Saturday, January 24, 2009

The Original Shower Light Fixture of Doom!

(Not to be confused with the Electrical Outlet of Death™)

Porcelain shower light fixture

This was the light fixture in the shower. It is original to the house. We just removed it to replace it with a code-complaint fixture. Note the lack of mounting screws. Yes, it's held on by magic. Removing it intact was a challenge - after all, it is easy to remove things properly when you can find the hardware, but when you can't find the hardware to unscrew them...

Porcelain shower light fixture (socket)

It was held onto a mounting bracket by the two screws in the base of the socket. While this seems a slightly disconcerting way to attach it, the base and socket are as solid as ever at 85+ years old, so clearly it hasn't been a structural problem.

Porcelain shower light fixture (base)

The fixture sat on this base, which would really look much better if not for the layers of paint and popcorn. I'm not terribly fond of the base, preferring the clean lines of the fixture without it, but I assume that it helps to prevent moisture infiltration.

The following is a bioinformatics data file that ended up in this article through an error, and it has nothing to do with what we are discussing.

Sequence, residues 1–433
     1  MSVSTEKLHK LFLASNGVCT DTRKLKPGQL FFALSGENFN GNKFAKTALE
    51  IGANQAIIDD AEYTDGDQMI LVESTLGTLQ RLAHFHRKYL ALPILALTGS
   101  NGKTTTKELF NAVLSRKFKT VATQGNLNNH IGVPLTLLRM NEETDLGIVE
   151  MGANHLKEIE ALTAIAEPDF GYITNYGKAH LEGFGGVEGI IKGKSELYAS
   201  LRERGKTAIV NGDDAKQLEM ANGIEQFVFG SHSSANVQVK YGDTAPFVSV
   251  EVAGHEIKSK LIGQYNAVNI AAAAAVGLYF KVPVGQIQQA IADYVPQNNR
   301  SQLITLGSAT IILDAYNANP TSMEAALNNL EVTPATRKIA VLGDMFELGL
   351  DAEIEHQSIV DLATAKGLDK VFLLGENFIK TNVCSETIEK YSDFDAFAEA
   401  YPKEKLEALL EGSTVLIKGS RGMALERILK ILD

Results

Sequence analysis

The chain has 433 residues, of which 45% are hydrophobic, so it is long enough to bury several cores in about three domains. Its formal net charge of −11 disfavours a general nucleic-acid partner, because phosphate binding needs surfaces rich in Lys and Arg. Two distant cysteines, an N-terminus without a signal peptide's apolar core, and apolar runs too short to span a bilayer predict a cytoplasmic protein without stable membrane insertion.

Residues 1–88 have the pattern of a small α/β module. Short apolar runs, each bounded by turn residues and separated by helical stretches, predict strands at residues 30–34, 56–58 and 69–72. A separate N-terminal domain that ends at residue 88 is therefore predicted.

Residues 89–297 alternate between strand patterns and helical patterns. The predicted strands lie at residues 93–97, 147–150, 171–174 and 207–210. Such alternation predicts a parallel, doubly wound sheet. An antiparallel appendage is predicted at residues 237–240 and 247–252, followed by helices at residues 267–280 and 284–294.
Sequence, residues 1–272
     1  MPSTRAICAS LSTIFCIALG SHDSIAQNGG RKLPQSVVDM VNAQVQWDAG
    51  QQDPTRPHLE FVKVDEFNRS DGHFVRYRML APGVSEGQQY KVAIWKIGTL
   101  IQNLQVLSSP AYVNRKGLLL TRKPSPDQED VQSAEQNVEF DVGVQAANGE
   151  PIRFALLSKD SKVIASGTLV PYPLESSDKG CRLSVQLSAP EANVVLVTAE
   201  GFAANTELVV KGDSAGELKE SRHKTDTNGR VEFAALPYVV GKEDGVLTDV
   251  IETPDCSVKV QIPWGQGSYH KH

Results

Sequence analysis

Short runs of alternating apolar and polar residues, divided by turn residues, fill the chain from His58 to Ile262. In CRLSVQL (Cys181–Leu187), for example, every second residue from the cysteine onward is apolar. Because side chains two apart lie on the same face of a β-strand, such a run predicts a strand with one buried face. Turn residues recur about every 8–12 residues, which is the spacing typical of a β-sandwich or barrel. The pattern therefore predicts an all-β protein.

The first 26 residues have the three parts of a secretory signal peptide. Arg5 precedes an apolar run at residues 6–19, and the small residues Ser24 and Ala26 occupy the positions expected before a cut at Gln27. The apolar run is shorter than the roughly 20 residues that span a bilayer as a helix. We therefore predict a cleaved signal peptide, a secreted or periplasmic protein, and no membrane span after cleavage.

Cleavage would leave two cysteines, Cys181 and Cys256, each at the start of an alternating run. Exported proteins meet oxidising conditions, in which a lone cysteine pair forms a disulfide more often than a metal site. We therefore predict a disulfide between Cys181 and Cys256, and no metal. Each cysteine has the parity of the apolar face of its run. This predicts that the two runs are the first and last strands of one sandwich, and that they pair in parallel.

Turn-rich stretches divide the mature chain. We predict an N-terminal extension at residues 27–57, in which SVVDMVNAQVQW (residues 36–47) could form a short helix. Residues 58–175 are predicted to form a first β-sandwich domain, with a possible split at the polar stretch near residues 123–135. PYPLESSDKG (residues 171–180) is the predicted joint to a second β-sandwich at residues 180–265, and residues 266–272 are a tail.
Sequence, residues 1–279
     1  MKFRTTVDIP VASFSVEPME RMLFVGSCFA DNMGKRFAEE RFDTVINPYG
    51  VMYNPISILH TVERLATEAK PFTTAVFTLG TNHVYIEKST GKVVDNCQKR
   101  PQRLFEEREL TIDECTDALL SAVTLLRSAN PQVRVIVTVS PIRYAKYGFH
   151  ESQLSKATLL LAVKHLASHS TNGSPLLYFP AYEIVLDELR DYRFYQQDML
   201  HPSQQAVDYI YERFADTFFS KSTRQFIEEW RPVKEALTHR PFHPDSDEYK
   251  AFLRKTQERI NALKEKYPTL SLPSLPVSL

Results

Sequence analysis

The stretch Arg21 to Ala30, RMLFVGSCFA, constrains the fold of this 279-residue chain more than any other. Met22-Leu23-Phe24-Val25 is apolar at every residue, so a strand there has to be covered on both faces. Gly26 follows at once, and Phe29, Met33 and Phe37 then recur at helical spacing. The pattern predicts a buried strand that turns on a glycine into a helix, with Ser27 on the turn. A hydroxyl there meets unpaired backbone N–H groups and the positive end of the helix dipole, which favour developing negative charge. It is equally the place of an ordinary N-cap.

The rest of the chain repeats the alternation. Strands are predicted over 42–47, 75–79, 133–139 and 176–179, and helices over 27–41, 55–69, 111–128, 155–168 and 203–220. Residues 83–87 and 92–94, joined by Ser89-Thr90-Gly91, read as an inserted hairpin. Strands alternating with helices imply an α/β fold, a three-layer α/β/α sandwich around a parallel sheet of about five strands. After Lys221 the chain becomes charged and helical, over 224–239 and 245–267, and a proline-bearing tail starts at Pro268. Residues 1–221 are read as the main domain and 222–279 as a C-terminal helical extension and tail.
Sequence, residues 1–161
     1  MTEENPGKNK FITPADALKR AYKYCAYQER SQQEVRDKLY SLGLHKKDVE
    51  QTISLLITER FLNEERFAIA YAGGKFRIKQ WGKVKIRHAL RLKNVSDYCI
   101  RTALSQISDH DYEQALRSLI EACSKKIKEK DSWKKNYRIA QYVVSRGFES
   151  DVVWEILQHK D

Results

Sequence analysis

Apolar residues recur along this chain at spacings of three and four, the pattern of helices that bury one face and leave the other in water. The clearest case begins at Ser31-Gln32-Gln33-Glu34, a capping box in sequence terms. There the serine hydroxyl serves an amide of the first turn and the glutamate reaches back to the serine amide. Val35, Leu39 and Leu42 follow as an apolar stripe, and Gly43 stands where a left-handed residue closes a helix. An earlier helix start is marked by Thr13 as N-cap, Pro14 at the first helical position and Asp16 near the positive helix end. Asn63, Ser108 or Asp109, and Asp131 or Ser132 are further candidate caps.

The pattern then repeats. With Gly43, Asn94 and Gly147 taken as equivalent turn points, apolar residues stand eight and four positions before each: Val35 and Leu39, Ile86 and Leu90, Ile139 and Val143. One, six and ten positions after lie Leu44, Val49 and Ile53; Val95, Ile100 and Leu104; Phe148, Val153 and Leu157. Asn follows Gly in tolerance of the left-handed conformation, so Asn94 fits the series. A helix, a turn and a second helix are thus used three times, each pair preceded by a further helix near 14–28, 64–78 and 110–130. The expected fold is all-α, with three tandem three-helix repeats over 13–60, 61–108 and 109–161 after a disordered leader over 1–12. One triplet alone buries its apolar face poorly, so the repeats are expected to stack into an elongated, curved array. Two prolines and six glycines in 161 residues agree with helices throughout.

Porcelain shower light fixture (back)

This is the underside of the fixture. Note that other than the two screws, it is completely sealed. With a bit of caulk, it could probably be completely sealed.

Porcelain shower light fixture (mounting bracket and electrical)

This is the rest of the light fixture, which the base screwed into. The strap ran between two joists to support it. The electrical connection was not made in the ceiling box, which is too small to fit much of anything, but rather in the extensive free air space above it, as was common at the time.

Porcelain shower light fixture (cleaned)

Finally, here is the fixture after I cleaned it up. Again, I'm really quite pleased with its clean lines. I love the lack of visible hardware, and am actively looking for more fixtures like it. I wonder if a shade clipped onto it, or if that was just the style.

The Electrical Outlet of Death™ is at the edge of the sink in the non-master bathroom, which, conveniently, is also the edge of the shower. An electrical outlet in a shower doesn't seem like a very good idea to me. When we eventually upgrade our electrical system, I'm going to put a GFCI breaker on that circuit so I don't have to replace the gorgeous original outlet cover with a hideous GFCI one.

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